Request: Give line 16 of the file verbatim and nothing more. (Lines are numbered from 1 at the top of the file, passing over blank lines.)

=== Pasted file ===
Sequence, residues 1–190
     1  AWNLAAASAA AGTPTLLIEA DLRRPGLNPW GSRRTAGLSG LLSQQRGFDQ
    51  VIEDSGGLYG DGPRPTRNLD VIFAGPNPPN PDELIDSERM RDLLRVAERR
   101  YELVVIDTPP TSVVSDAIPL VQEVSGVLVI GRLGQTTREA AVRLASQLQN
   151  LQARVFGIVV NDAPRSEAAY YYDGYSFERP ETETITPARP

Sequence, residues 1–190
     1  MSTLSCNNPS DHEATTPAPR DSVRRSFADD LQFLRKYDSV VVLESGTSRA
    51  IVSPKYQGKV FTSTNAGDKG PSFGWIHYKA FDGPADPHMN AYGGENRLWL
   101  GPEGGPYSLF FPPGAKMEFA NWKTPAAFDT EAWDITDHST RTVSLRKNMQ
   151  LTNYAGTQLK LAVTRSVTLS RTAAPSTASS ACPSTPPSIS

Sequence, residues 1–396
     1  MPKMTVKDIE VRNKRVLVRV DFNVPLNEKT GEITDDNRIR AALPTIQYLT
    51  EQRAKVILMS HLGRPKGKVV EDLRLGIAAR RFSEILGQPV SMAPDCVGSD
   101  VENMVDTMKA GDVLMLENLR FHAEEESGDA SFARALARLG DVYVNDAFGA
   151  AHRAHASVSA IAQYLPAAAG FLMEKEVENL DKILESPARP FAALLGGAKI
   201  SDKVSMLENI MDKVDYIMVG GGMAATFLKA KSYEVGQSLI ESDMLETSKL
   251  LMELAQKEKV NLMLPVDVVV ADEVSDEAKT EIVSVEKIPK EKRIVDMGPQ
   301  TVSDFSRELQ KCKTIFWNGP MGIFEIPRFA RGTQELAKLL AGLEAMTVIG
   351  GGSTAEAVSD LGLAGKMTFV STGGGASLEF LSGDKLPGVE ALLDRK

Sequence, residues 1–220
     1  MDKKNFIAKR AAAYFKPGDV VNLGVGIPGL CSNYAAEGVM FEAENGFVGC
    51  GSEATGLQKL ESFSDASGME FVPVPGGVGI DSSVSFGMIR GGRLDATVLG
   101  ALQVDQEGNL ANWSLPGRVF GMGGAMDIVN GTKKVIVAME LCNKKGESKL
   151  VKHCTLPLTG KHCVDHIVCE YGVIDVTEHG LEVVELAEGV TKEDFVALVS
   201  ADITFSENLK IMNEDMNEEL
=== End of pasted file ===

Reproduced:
   201  SDKVSMLENI MDKVDYIMVG GGMAATFLKA KSYEVGQSLI ESDMLETSKL